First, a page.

Stockholm – Norway’s government asked parliament on Friday to approve a national ban on the use of full-face veils in all education facilities – ranging from day care centres to universities.
“A ban against garments that cover the face will ensure open communication with children, pupils, students and newly arrived immigrants in teaching situations,’’ said Jan Sanner, Minister of Education and Integration.
The bill announced on Friday was expected to pass as several opposition parties, including the main opposition Labour Party, have earlier stated they back a ban.
“Norway is an open society where everyone should be able to see each other’s face,” Finance Minister, Siv Jensen, said.
The proposal, announced in June, has been subject to a review by various agencies and institutions.
The ban would include full-face veils like the niqab, balaclavas and face masks, but not woolen hats, protective masks or the hijab.
The government said the ban would apply for employees at day care centres, but not children enrolled there, as young children rarely wear the niqab or burqa.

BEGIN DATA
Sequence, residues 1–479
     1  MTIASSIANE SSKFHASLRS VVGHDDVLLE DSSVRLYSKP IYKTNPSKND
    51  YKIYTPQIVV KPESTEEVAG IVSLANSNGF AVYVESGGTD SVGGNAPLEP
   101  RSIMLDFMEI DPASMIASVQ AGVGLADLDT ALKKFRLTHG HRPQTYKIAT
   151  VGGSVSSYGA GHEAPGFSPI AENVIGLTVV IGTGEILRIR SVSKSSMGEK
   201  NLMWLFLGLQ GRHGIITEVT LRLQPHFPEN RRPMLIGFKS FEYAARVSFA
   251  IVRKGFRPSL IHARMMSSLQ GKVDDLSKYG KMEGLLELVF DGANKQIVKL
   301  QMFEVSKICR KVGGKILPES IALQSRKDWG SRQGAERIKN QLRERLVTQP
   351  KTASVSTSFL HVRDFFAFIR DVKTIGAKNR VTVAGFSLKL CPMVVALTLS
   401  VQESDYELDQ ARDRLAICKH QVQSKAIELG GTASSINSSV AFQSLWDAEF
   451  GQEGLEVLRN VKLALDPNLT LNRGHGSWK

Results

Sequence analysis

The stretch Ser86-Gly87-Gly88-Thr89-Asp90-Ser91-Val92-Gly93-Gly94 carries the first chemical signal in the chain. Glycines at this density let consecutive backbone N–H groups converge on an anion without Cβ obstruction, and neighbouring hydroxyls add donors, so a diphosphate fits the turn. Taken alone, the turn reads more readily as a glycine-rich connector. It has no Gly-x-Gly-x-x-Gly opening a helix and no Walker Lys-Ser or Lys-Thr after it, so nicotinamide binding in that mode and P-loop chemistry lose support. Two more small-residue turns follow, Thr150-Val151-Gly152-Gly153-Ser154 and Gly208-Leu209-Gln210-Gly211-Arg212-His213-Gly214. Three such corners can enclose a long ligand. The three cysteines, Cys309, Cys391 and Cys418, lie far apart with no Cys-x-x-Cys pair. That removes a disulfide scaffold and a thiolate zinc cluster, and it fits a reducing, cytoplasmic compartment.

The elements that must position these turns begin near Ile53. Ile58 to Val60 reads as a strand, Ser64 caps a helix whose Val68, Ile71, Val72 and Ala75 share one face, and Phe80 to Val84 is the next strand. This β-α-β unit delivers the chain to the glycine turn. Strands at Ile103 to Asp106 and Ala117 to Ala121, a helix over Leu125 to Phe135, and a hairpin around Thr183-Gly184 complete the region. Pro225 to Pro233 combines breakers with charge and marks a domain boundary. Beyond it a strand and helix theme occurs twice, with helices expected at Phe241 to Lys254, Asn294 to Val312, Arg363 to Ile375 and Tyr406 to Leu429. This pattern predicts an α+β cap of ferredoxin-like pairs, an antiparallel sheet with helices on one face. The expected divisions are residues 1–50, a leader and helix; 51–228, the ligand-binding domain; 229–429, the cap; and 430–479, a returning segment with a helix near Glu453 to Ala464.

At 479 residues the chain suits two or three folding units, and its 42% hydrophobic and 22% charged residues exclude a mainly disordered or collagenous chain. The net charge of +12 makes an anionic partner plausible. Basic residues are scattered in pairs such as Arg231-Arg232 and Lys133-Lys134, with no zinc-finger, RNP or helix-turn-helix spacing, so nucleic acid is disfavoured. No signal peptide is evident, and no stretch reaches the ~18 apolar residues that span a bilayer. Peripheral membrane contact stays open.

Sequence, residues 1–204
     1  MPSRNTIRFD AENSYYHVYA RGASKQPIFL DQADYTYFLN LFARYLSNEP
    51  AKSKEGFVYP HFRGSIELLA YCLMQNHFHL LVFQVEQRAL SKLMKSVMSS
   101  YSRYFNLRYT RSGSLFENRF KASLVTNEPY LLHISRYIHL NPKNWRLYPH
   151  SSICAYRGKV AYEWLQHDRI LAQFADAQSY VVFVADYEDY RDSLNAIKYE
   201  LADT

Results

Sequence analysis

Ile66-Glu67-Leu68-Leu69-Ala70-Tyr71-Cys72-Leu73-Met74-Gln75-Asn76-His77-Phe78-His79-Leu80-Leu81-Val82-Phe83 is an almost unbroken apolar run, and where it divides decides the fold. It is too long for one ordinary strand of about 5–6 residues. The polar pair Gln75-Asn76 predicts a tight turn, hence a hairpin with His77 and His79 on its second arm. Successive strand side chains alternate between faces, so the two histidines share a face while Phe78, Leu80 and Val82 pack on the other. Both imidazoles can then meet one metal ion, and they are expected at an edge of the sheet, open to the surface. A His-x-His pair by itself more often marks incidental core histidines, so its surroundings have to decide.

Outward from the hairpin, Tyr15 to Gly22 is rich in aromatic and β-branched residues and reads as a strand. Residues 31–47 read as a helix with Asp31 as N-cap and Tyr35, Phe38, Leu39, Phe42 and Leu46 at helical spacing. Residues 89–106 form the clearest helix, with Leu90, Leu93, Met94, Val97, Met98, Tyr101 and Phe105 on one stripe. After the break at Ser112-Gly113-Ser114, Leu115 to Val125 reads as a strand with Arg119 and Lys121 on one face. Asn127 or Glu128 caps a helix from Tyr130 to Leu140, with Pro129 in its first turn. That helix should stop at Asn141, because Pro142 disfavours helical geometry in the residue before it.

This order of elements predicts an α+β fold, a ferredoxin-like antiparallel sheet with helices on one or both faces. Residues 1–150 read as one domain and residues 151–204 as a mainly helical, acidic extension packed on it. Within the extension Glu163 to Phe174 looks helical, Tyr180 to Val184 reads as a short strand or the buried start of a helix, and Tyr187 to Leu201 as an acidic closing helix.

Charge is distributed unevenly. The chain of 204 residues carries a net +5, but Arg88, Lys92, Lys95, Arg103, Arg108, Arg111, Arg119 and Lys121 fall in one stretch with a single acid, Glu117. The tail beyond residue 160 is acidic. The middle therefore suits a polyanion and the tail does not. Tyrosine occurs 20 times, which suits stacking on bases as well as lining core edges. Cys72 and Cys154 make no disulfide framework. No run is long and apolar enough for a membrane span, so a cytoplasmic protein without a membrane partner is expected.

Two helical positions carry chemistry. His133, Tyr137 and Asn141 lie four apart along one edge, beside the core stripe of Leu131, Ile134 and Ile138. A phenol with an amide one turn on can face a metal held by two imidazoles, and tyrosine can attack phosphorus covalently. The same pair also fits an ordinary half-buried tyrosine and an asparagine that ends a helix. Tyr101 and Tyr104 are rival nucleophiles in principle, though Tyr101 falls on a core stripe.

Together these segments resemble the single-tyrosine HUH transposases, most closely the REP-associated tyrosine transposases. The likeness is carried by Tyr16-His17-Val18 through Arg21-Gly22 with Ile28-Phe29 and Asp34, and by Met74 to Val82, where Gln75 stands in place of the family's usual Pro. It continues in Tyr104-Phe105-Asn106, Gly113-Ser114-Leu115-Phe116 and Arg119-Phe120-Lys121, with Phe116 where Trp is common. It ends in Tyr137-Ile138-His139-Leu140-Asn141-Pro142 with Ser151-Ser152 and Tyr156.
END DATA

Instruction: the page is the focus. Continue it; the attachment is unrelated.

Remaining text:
At schools, adult training institutions, universities and colleges the ban would only apply during teaching situations.
Teachers and students would be allowed to wear garments covering the face during breaks, the statement added.
“We believe we have struck a good balance,’’ said Iselin Nybo, Minister of Research and Higher Education.
Sanner belongs to Prime Minister Erna Solberg’s conservatives, who rule with Jensen’s right-wing populist Progress Party, and Nybo’s Liberals.
The National Union of Students, Norway’s largest, with about 230,000 members, opposed a ban. (dpa/NAN)